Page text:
This is partly due to a policy I have in not accepting request to do a review. http://mypennameonly.blogspot.com/2014/10/my-selection-process-for-reviewing-books.html I basically enter giveaways/contests which are offering books I’m interested in reading; and other contests which offer romance books [my favorite genre as it’s the genre I write for].

    As a result I’ve accumulated the same kind of variety of books as has the owner of this blog. I love the printed variety of books, especially if they’ve been personally signed to me, followed by signed non-personalized copies, followed by plain unsigned copies. ARCs are can be fun, especially when you’ve got blank pages where things like an index should be. I hesitated reading e-books since I didn’t own a KINDLE nor was I ever inclined to buy one, but when I discovered Amazon offers a FREE App for my computer I jumped at the opportunity to download it.

    If I hadn’t downloaded this App, my dear OH had threatened to throw ALL of my books in the garbage; something which could have ruined our happy marriage of over 22 years.

    I currently have about 10 books on my TBReviewed pile which as a voracious reader/reviewer I plan to devour in almost as many days; provided my dear OH doesn’t ask me for too many services. !!! 😀😀😀

    Have a GREAT WEEKEND with your families !!! 🙂🙂🙂

    O X O X O X

    Robin Leigh
    http://www.about.me/rlmorgan51

    1. I buy as many on Kindle as I buy physical copies. And I do get a lot of free books, so it’s a never-ending shelving problem. I do find that some of the free ones are not exactly to my taste, and that I always crave those more difficult to locate books rather than just new releases.

  4. Just don’t talk to me about book madness! I’ve had to do another massive book cull in readiness to relocate and it was like choosing your favourite child. Another 500 out of the door, but so, so, many remain…. (Bought another three today…oops)

    1. You are absolutely right – and the poetry books are seldom below £10. I did buy the Jean Rhys ones second-hand for instance (I believe they are out of print), so it was a very rough and underestimated average. And I haven’t yet hit the charity shops in town!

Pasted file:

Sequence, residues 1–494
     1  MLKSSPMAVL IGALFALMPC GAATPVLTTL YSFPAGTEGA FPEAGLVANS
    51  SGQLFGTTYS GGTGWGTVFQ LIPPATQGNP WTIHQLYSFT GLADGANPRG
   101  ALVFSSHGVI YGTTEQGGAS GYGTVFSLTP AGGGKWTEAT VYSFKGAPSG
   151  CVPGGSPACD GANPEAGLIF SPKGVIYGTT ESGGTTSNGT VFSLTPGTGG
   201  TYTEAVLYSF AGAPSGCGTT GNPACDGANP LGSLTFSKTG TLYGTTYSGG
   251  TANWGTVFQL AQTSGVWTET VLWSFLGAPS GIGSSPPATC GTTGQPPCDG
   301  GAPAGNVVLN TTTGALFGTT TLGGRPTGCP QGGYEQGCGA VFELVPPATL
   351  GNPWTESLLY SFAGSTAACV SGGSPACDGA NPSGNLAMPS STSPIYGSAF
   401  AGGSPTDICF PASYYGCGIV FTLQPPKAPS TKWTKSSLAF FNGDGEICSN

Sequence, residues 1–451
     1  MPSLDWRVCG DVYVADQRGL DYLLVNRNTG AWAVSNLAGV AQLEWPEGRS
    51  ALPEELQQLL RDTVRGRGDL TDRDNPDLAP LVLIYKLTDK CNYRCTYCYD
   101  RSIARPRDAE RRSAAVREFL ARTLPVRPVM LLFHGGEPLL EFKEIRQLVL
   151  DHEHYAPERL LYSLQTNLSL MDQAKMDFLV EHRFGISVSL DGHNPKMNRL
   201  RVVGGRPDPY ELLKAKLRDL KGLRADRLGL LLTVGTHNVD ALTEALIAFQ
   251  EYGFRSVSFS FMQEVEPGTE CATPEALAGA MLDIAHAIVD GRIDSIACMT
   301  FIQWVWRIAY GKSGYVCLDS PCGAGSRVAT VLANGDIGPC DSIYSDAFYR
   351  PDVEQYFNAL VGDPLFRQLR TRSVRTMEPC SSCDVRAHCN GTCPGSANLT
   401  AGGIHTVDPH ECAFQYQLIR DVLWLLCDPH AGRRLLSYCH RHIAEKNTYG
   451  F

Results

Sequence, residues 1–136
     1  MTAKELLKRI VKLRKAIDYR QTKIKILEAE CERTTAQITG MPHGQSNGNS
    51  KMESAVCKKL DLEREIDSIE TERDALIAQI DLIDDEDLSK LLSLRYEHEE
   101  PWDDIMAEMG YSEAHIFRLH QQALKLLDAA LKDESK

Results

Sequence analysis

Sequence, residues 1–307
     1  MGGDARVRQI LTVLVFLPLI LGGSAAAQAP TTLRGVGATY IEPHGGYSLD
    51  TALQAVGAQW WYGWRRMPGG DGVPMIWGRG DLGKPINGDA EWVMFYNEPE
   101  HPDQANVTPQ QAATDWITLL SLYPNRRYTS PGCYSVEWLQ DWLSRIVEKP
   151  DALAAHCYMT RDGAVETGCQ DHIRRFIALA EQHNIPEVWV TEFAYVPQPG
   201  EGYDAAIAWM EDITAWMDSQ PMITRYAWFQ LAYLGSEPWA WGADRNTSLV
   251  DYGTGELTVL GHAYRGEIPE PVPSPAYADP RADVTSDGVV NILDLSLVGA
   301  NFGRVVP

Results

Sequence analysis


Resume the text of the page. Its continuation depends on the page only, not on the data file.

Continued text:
5. That’s a fantastic haul of books, something to sustain you over winter. Book temptation is why I am a member of 2 libraries. Hope you enjoy reading. The Bloodaxe collection is brilliant, as is The Outrun.

    1. I was a member of 5 libraries in France and still managed to buy a fair amount. Clearly, it’s my one temptation (it used to be shoes or make-up, but I can’t be bothered about those anymore).

    1. Don’t rub it in! But I’ve just been let lose in a sweet shop, after 5 years of abstinence, right? (Well, I did buy loads of French and even English books while I was abroad, but still…)

  6. Free books are fine, but buying them adds that extra thrill of guilt (the money! The TBR pile!). I’m a book addict too and there’s nothing like hauling that pile home and leaving it on the kitchen table for a while. Christmas!

  7. Hey, you don’t get a lot of make up or many pair of shoes for the amount you just spent. See, obsessive reading is not such an expensive addiction compared to other supposedly female addictions. (I can’t be bothered with make up or shoes either, as you know)

    I always wonder how you find the time to read so much.

    1. To be honest – and I find it very surprising – I am struggling a little at the moment to read as much. I’ve had even more things going on than usual, so it’s been hard to read guilt-free, when I feel I should be job-hunting or finding about the children’s exams etc.

  8. Hi Marina Sofia, did my publisher ever send you a copy of The Disobedient Wife? I seem to recall that you said you would review it, but sometimes these things go astray… nice book haul!

  9. Shelf space! Actually space on shelves? I cannot imagine and have had none in years… Unless I were able to buy the house next door, knock threw a few walls that is not likely to happen.

  10. A post that really resonates with me! I have definitely run out of book space and I’m loathe to part with any that are already sitting tenants! I was only pondering this morning how I acquire even more books when I’ve not got time to read than when I’m reading more, it’s almost like a displacement activity. Your haul does look varied though and you have somewhat more of an excuse than I do.

  11. What a wonderful way to celebrate you’re back in Britain, where I have seen crime fiction thrive as in no other place! Can’t wait to hear what you think about Redondo, as I’m very proud of a Spanish female author becoming a successful interanational best-seller.

    1. But it’s my pleasure to get it! Now I just hope to find time to read it soon, for pleasure rather than with a reviewing deadline hanging over my head, like I do for some of the new releases.